I read all the previous reviews, and I feel a bit cheated that the book failed to touch me at all. I really hated all the cliches in it and I didn't find any of the characters were explored enough to be heroines. Of course, we are told blatant truths about Helen, for example, but the author tells them himself; we should be left to find Helen's fears from herself, not by it being pointed out openly by the author. It feels like an Oprah Winfrey show, where everyone is exploring their fears, but no one rises beyond them to live. It also bothers me that we are instructed all along on the characters by the author, but none of their dialogue or thoughts tell these things to us independently, which means basically that his building of characters is at fault. The grandmother was the highlight, but then all the females were so spoilt for me by their bitterness for each other. I wish at least part of this bitterness was a little better explored, but it wasn't; it was just there, and at times it really felt like the three women were just a bunch of old hags just blaming and gossiping about everyone else. All said, it would definately serve better as a TV drama that housewives would watch but I would definately ignore.
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Most Recent Customer Reviews
5.0 out of 5 stars a touching family tale
The Blackwater Lightship is easy to read and draws you in as the characters develop . Although the subject of the story is sad the relationships are very heart warming and touching... Read more
Published 7 months ago by V.A. Tuxill
3.0 out of 5 stars Powerful Novel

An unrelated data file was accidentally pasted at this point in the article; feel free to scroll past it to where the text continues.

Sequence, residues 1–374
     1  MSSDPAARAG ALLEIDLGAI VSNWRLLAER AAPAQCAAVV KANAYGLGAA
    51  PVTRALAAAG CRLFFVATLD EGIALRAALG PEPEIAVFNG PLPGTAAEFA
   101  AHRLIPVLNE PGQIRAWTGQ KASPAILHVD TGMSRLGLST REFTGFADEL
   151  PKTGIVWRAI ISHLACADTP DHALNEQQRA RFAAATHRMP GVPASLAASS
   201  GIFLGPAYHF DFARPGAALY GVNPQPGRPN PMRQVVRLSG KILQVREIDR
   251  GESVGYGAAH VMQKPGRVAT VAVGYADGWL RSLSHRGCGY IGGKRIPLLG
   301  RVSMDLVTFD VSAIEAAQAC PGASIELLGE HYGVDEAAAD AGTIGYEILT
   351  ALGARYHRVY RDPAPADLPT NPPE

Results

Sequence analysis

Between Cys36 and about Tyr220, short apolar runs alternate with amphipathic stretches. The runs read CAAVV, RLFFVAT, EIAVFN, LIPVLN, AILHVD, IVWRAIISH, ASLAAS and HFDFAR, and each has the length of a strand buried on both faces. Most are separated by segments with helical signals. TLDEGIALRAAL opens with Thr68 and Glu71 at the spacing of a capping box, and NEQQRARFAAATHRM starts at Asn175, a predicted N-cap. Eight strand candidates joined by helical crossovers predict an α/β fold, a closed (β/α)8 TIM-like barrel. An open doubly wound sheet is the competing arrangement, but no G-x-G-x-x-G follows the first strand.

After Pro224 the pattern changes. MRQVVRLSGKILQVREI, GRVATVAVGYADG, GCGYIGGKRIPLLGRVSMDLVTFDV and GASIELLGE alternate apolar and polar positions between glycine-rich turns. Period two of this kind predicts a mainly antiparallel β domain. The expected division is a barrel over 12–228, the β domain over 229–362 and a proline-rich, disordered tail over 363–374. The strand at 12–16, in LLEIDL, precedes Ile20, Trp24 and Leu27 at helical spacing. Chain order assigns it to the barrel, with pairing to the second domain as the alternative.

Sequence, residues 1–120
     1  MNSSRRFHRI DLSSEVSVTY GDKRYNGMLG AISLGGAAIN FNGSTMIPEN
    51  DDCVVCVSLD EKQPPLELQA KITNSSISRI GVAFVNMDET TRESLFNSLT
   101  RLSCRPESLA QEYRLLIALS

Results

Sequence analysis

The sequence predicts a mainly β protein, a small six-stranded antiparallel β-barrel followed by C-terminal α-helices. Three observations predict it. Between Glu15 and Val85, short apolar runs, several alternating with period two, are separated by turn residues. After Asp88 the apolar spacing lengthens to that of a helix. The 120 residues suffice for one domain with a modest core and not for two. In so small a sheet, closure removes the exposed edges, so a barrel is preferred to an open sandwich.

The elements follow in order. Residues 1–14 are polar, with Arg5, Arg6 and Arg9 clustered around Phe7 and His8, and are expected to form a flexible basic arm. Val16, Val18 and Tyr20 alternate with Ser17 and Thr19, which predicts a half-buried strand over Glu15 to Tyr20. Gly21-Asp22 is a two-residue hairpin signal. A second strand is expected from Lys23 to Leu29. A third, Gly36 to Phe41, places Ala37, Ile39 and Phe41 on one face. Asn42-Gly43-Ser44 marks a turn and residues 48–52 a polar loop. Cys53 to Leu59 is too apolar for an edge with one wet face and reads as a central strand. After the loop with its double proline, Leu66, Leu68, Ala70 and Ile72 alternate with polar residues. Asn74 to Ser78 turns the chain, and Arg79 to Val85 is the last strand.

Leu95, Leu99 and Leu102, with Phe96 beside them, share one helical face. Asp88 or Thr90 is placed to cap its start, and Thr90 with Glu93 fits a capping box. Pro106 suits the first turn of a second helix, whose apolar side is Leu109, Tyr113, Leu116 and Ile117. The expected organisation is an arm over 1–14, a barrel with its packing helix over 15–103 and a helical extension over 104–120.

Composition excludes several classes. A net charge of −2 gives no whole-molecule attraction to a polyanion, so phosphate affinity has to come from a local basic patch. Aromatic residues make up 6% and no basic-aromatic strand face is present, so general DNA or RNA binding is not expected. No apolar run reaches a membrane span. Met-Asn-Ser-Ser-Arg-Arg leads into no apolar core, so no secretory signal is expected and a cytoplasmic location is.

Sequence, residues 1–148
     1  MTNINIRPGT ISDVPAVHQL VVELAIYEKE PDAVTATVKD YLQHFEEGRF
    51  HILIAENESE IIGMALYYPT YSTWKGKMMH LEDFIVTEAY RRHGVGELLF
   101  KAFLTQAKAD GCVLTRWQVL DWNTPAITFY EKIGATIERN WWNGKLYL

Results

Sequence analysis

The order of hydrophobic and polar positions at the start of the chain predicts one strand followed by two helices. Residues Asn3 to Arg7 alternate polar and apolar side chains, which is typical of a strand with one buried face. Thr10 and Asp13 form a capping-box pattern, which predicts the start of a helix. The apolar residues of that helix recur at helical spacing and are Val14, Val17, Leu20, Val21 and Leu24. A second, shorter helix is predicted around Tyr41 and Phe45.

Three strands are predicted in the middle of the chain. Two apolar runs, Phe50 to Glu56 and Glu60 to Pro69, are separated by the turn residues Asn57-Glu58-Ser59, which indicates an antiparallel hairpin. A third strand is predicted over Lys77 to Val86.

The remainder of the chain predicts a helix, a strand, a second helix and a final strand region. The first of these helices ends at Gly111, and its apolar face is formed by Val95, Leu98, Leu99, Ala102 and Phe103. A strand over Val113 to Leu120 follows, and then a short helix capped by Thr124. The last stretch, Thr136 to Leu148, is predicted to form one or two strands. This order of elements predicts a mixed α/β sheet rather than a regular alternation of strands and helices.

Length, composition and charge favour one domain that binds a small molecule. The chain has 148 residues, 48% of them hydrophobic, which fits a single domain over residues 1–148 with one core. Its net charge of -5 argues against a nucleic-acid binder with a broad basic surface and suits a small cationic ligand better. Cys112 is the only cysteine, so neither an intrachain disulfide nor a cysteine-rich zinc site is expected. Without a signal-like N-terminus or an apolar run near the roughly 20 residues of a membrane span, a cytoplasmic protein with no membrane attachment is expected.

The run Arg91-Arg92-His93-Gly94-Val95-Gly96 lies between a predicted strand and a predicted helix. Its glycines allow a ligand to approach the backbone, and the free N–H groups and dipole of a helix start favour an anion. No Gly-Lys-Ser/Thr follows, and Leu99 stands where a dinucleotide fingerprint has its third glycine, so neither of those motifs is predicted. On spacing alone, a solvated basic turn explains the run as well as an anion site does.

Never heard of this author before, and this is the first book of his that I have read.

It is set in Ireland, and is centred around three estranged generations of the... Read more
Published 9 months ago by Half Man, Half Book
4.0 out of 5 stars Moving
This is a moving account of a family which is brought together by the illness of one of its members. Beautifully written with skillfully developed and engaging characters.
Published 9 months ago by KLP
4.0 out of 5 stars Irish lit
My first very Irish book and I am thoroughly enjoying it. Very atmospheric and it immerses the readers in it
Published 9 months ago by Mrs. Elizabeth A. Makin
4.0 out of 5 stars Mothers and daughters...
Helen has had a strained relationship with her mother Lily and grandmother Dora for years. But now Helen's brother Declan is dying of AIDS, and the three women are forced to come... Read more
Published 12 months ago by FictionFan
3.0 out of 5 stars second hand paperback
It arrived on time and is still good value for money but the condition is not quite as good as described. Read more
Published 12 months ago by Mrs Sandra G Hitching
2.0 out of 5 stars Boring
Very is appointed as was most of my book club. Good if not excellent characters but I was order and skimmed. Very unusual for me?
Published 13 months ago by h
3.0 out of 5 stars Beautifully written.
Lovely to read but little 'story'. Too much 'navel gazing' for my taste, I would like to have yelled at all the characters "get on and enjoy what life you have, and stop... Read more
Published 16 months ago by Mrs. D. B. Milledge
5.0 out of 5 stars A great, small book.
One of the best books. It reminds us of the awful days when friends were dying of Aids but that story is almost secondary to the family detail which touches us all. Read more
Published 18 months ago by Eileen O'Brien
3.0 out of 5 stars Shallow and Disjointed
The Blackwater Lightship is the story of family secrets, prejudices and misunderstandings all brought sharply into focus when one of the family members, Declan, discloses that he... Read more
Published 18 months ago by Calypso